2018-03-14 / Front Page

9/11 Health Bill Sponsors, Tri-State Area Delegation Tell Mulvaney: Hands Off 9/11 Health Program

9/11 Health Program beneficiaries and advocates came together at the Capitol on March 5 to demand that Office of Management and Budget Director Mick Mulvaney withdraw his “ill-thought out proposal” to separate the World Trade Center Health Program (WTCHP) from National Institute of Occupational Safety and Health (NIOSH) direction. Congress Members Carolyn B. Maloney, Jerrold Nadler, and Peter King, the original sponsors of the James Zadroga 9/11 Health and Compensation Reauthorization Act of 2015 were joined by 9/11 victims, TV personality and leading 9/11 health advocate Jon Stewart, union leaders, and medical professionals to discuss the importance of the WTCHP and the dangers removing it from NIOSH will cause. Stewart said, “Haven’t these people endured enough? If 9/11 cancer doesn’t kill them, I am pretty sure your politics will.”

Photo Phi Nguyen9/11 Health Program beneficiaries and advocates came together at the Capitol on March 5 to demand that Office of Management and Budget Director Mick Mulvaney withdraw his “ill-thought out proposal” to separate the World Trade Center Health Program (WTCHP) from National Institute of Occupational Safety and Health (NIOSH) direction. Congress Members Carolyn B. Maloney, Jerrold Nadler, and Peter King, the original sponsors of the James Zadroga 9/11 Health and Compensation Reauthorization Act of 2015 were joined by 9/11 victims, TV personality and leading 9/11 health advocate Jon Stewart, union leaders, and medical professionals to discuss the importance of the WTCHP and the dangers removing it from NIOSH will cause. Stewart said, “Haven’t these people endured enough? If 9/11 cancer doesn’t kill them, I am pretty sure your politics will.” Photo Phi NguyenCongress Members Carolyn B. Maloney (D-NY), Jerrold Nadler (D-NY), and Peter King (R-NY), the original sponsors of the James Zadroga 9/11 Health and Compensation Reauthorization Act of 2015 led on March 7 a bipartisan group of 32 other members from the Tri-State Area in urging Office of Management and Budget (OMB) Director Mick Mulvaney to withdraw his proposal to separate the World Trade Center Health Program (WTCHP) from the National Institute of Occupation Safety and Health (NIOSH).

In the letter, the members state, “This proposal directly contradicts the bipartisan legislation Congress passed just three years ago with overwhelming support to renew the World Trade Center Health Program for 75 years. It will further unnecessarily put at risk the health of our constituents and those around the country suffering, and in too many cases dying, from their 9/11-related injuries, 17 years later. We urge you to withdraw it.”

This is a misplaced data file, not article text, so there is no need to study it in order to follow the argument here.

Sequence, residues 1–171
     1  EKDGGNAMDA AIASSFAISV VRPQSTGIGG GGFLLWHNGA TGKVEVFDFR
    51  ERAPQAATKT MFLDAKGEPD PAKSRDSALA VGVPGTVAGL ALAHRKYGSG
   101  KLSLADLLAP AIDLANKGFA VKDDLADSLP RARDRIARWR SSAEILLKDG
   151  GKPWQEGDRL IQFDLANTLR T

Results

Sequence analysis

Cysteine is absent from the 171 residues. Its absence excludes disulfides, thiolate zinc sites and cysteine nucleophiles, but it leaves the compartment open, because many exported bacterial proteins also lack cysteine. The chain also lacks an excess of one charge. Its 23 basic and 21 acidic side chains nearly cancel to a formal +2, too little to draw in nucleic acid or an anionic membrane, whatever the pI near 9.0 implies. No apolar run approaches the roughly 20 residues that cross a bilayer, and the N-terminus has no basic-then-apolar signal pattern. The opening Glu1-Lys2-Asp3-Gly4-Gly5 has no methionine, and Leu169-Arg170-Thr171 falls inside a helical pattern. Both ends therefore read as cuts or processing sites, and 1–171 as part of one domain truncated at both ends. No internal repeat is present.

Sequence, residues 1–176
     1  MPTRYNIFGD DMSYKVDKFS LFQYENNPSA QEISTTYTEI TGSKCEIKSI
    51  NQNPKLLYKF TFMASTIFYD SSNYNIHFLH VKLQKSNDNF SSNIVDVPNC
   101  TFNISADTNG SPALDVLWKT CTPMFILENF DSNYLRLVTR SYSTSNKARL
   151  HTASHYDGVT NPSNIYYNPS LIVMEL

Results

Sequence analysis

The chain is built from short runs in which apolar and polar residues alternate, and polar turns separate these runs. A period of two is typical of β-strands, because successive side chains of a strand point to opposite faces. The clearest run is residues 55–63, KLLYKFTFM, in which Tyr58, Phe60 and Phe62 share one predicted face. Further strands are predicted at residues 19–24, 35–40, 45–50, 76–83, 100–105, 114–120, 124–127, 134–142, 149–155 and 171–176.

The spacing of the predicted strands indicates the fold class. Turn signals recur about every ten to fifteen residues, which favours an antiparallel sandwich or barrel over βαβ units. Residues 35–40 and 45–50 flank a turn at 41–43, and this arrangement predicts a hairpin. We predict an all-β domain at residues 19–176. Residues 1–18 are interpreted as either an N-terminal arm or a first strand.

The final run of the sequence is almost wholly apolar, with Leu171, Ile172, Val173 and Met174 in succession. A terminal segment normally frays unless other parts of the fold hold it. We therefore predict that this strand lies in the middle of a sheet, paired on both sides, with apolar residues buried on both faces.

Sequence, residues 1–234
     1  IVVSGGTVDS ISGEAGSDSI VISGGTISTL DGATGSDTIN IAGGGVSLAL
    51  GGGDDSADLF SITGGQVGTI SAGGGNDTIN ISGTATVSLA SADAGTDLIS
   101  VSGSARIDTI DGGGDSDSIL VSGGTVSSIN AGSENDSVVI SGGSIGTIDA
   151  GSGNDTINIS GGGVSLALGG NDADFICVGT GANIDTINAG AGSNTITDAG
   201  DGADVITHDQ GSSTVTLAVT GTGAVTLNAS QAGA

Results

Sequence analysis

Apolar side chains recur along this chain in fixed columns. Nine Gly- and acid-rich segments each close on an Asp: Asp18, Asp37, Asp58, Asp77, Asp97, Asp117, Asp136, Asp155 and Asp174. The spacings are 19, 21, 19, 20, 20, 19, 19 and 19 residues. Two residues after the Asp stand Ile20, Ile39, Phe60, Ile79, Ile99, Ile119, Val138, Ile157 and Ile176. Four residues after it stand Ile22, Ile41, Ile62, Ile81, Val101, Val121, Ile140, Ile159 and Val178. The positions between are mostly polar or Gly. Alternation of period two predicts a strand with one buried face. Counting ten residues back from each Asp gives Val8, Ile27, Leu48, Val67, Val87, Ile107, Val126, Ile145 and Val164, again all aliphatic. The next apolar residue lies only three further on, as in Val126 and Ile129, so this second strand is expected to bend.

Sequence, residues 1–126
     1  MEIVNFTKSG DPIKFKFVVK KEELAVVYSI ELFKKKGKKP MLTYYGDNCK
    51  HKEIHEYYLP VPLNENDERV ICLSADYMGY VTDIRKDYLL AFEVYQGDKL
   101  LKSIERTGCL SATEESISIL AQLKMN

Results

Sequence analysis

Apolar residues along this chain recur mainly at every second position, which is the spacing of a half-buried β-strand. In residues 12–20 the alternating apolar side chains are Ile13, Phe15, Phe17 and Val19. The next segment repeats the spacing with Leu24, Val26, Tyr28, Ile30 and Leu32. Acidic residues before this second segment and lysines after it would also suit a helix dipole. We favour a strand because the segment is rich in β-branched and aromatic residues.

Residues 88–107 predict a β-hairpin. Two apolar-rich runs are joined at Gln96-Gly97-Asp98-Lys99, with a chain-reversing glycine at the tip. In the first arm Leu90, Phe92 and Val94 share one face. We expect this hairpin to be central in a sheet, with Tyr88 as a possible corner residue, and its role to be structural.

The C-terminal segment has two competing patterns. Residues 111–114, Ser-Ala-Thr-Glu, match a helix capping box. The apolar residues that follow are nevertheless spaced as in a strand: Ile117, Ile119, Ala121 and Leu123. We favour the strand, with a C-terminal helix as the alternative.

Under NIOSH, the WTCHP has provided medical monitoring and treatment to more than 83,000 9/11 responders and survivors, including responders to the World Trade Center, the Pentagon, and the Shanksville crash site, as well as survivors from Lower Manhattan and North West Brooklyn. These 83,000-plus live in and receive treatment across the country, in all 50 states and territories, in 433 of 435 congressional districts.

 The letter states that “NIOSH has been at the forefront of responding to the injuries caused by the toxins at Ground Zero,” and it “has made tremendous progress in providing medical monitoring and treatment to 9/11 responders and survivors.

“Yet this ill-advised proposal, which was made with no input from the 9/11 health community, completely ignores the years of work NIOSH has already done and reflects a lack of understanding of why we worked to have NIOSH supervise and manage the WTC Health Program. If you had spoken to those with experience in the 9/11 health community, you would have understood that the World Trade Center Health Program is fully integrated within NIOSH, utilizing the expertise of the staff in many shared positions that could not be continued if the Health Program were to be pulled from NIOSH. For example, the program is in the process of changing its prescription benefit provider. This is a complex process that requires careful coordination to avoid program members, especially cancer patients, missing their medications. Moving the WTC Health Program from NIOSH would be unnecessarily disruptive. 

“None of the Office of Management and Budget documents describe how the WTC Health Program would be untangled from NIOSH, nor do they address how this change would be achieved without negatively impacting the health of the 9/11 responders and survivors who rely on the WTC Health Program.

“We believe that OMB should withdraw this misguided proposal immediately.”

Additional signers of the letter include Joe Crowley, Adriano Espaillat, Hakeem Jeffries, Gregory Meeks, Grace Meng, Nydia Velázquez, in addition to 26 other bipartisan representatives.

 

 

 


 

 

 

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